“Thus saith the Lord; I remember thee, the kindness of thy youth, the love of thine espousals, when thou wentest after me in the wilderness, in a land that was not sown.”—Jeremiah 2:2
Pause, my soul, over this condescending token of God’s love to Israel; and see whether it doth not hold forth to thee a blessed portion for thy encouragement. Israel had been most undeserving; but yet the Lord would put Israel in remembrance, by assuring his people that he remembered their love when God first formed Israel into a people. When he led them into the wilderness, and married Israel, they sung the praise of Jehovah in their love- songs, on the day of their espousals. ‘Now,’ saith the Lord, – ‘I remember thee in these things; for these were tokens of affection when thou wentest after me in following the pillar of cloud through the desert; in trusting to a harvest, though as yet the land was not sown.’ And may I, blessed Lord, sweetly interpret this precious portion with application to myself, as though my God so spake to me of the day of my espousals? Doth my God and Saviour remember me in the first awakenings of his grace, when, at the first mention of his name, my soul made me like the chariots of Amminadab? Well, then, may my soul remember thee, Oh thou God of my salvation! The savour of thy past love and past experiences gives now, at this moment, new delight to my soul, and awakens new desires of communion with my God. The very recollection of what I then was, and how thou calledst me, and made my time a time of love; and how thou passedst by, and didst bid me live, and didst cleanse me, and take me home, and betrothedst me to thyself, and made me thine for ever; the very thoughts refresh my soul now; and these former experiences drive away present distresses and despondency. How is it, my soul, with thee now? Art thou less in frame – less in love? Hast thou not the same earnest liking to Jesus now, as then? Is the strength of thy love, and desires, and delights, abated? Look at this blessed scripture. Hear what God saith to Israel, in a time of Israel’s coldness. See how God’s love was not changed, though Israel’s was so abated. Art thou, my soul, conscious of the same? Art thou lamenting it; desiring, waiting for some renewed token of thy Jesus’s love? Is his name, his person, his righteousness still precious? Dost thou wait but for the whispers of his grace? See, here it is – I remember, though thou hast forgotten the day of thine espousals. Oh the wonderful condescersion of the Son of God! Behold, my soul, how, in this very way, he is preparing thine heart for the renewings of his love, and his sweet manifestations towards thee. Oh cry out with the church of old, under similar circumstances, “Draw me; we will run after thee.” Unless thou drawest, Lord, the distance will remain; but the desire of being drawn, shews the earnestness for union. Lord, I beseech thee, do this; bring me near to thyself, to thine everlasting embraces; then shall I run, nay, even flee to my beloved, and will hang upon thee as the vessel hangeth on the nail, and dwell, and remain with thee for ever.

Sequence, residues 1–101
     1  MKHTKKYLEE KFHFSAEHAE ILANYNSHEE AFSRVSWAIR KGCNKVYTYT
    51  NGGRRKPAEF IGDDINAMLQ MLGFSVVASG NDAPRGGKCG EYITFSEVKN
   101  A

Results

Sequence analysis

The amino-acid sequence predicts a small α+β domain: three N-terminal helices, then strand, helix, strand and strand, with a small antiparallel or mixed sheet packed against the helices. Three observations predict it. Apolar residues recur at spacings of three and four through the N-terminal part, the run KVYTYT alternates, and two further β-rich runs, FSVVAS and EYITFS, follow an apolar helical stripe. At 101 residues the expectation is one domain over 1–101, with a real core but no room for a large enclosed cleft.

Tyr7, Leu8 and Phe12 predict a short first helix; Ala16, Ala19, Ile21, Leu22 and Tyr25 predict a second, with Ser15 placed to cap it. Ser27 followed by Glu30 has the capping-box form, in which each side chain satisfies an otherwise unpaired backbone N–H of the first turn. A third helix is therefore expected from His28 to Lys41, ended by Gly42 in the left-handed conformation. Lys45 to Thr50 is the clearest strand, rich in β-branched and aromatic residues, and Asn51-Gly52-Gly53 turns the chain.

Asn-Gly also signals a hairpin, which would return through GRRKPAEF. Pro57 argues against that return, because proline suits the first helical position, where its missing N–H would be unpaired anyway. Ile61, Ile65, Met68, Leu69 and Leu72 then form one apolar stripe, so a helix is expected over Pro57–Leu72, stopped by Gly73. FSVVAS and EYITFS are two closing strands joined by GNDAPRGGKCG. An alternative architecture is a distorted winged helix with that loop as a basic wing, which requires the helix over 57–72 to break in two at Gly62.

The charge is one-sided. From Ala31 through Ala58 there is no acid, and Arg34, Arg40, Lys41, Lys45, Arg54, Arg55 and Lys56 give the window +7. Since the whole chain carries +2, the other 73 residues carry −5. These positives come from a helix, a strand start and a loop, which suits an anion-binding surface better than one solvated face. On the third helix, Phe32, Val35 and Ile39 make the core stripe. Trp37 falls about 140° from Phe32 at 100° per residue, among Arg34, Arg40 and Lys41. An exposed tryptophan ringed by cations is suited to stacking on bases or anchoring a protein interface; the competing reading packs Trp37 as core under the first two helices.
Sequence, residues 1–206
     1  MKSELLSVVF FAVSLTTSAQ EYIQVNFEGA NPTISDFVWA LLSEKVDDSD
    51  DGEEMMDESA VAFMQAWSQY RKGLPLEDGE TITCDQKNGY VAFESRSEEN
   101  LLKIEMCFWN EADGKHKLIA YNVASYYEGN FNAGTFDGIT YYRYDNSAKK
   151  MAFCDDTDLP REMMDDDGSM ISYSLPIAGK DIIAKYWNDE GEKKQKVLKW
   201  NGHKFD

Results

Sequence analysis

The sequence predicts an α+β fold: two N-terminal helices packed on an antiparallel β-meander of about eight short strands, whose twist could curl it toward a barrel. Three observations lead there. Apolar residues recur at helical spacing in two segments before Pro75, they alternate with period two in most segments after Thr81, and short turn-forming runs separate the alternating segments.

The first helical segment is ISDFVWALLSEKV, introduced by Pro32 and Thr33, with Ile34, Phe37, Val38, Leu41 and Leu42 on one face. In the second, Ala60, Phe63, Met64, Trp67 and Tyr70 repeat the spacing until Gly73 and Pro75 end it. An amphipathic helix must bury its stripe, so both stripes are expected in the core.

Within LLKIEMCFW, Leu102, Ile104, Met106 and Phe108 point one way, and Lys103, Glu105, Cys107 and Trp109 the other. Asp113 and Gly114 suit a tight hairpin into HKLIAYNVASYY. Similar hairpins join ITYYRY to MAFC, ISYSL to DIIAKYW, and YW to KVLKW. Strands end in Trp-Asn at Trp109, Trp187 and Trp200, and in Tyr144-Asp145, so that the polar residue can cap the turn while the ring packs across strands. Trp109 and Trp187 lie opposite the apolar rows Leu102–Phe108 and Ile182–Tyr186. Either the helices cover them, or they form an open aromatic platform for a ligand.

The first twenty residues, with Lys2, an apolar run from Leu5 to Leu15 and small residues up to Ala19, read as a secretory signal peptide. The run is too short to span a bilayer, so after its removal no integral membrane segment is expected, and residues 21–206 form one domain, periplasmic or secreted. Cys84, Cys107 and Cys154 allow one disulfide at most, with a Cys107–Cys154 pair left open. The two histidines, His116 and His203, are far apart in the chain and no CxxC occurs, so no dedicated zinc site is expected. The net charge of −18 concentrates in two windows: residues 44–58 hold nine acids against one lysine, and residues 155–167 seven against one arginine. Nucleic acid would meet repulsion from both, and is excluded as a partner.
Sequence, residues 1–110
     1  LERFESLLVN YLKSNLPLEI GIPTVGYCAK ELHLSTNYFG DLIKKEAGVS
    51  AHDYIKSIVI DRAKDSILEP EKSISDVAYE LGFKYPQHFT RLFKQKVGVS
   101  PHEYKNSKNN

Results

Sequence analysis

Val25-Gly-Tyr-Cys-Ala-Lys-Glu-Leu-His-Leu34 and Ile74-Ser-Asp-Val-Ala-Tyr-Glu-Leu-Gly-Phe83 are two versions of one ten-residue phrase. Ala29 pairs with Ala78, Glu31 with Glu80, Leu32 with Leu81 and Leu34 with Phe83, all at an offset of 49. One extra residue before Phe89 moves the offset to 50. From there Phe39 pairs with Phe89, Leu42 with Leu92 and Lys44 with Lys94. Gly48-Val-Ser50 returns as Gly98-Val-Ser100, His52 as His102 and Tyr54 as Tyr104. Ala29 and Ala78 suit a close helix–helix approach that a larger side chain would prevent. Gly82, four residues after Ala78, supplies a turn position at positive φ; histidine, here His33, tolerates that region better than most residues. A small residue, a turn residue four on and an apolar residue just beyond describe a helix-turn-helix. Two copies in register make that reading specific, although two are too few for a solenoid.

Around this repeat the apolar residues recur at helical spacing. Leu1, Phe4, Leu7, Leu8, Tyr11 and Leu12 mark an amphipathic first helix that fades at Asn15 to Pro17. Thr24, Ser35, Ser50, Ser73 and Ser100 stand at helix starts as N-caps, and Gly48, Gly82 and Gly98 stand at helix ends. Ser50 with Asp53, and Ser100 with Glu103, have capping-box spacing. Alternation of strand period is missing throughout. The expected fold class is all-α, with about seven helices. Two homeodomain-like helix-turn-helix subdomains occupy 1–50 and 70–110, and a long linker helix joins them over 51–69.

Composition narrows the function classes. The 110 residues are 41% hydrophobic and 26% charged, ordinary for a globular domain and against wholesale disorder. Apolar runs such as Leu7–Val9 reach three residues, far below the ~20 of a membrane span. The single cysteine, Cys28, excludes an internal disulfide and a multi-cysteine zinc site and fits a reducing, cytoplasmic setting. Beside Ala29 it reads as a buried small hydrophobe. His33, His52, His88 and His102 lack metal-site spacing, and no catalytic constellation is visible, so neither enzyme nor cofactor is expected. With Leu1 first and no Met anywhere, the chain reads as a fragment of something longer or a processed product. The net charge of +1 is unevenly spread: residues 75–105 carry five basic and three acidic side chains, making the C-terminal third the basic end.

Robert Hawker (1753-1827) was an Anglican (High-Calvinist) preacher who served as Vicar of Charles Church, Plymouth. John Hazelton wrote of him:
“The prominent features…in Robert Hawker's testimony…was the Person of Christ….Dr. Hawker delighted to speak of his Lord as "My most glorious Christ.” What anxious heart but finds at times in the perusal of the doctor's writings a measure of relief, a softening, and a mellowing? an almost imperceptible yet secret and constraining power in leading out of self and off from the misery and bondage of the flesh into a contemplation of the Person and preciousness of Christ as "the chiefest among ten thousand and the altogether lovely." Christ and Him crucified was emphatically the burden of his song and the keynote of his ministry. He preached his last sermon in Charles Church on March 18th, 1827, and on April 6th he died, after being six years curate and forty-three years vicar of the parish. On the last day of his life he repeated a part of Ephesians 1, from the 6th to the 12th verses, and as he proceeded he enlarged on the verses, but dwelt more fully on these words: "To the praise of His glory Who first trusted in Christ." He paused and asked, "Who first trusted in Christ?" And then made this answer: "It was God the Father Who first trusted in Christ."